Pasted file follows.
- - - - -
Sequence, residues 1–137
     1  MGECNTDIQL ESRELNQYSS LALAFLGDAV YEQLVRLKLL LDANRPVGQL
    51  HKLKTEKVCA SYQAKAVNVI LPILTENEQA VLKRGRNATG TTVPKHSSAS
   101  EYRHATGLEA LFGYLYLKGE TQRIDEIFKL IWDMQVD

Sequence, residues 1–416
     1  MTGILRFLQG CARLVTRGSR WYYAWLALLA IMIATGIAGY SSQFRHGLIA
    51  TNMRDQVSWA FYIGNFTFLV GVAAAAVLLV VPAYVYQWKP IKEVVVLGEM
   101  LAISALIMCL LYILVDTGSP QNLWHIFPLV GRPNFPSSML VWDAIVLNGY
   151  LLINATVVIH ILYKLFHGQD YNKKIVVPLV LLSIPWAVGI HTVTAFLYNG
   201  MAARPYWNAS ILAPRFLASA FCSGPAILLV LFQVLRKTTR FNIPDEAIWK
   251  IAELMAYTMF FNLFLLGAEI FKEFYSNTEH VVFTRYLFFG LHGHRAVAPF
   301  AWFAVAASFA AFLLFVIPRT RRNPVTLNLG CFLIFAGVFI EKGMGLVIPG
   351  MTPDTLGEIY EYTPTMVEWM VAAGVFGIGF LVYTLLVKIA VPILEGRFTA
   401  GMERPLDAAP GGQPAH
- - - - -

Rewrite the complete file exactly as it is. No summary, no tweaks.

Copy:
Sequence, residues 1–137
     1  MGECNTDIQL ESRELNQYSS LALAFLGDAV YEQLVRLKLL LDANRPVGQL
    51  HKLKTEKVCA SYQAKAVNVI LPILTENEQA VLKRGRNATG TTVPKHSSAS
   101  EYRHATGLEA LFGYLYLKGE TQRIDEIFKL IWDMQVD

Sequence, residues 1–416
     1  MTGILRFLQG CARLVTRGSR WYYAWLALLA IMIATGIAGY SSQFRHGLIA
    51  TNMRDQVSWA FYIGNFTFLV GVAAAAVLLV VPAYVYQWKP IKEVVVLGEM
   101  LAISALIMCL LYILVDTGSP QNLWHIFPLV GRPNFPSSML VWDAIVLNGY
   151  LLINATVVIH ILYKLFHGQD YNKKIVVPLV LLSIPWAVGI HTVTAFLYNG
   201  MAARPYWNAS ILAPRFLASA FCSGPAILLV LFQVLRKTTR FNIPDEAIWK
   251  IAELMAYTMF FNLFLLGAEI FKEFYSNTEH VVFTRYLFFG LHGHRAVAPF
   301  AWFAVAASFA AFLLFVIPRT RRNPVTLNLG CFLIFAGVFI EKGMGLVIPG
   351  MTPDTLGEIY EYTPTMVEWM VAAGVFGIGF LVYTLLVKIA VPILEGRFTA
   401  GMERPLDAAP GGQPAH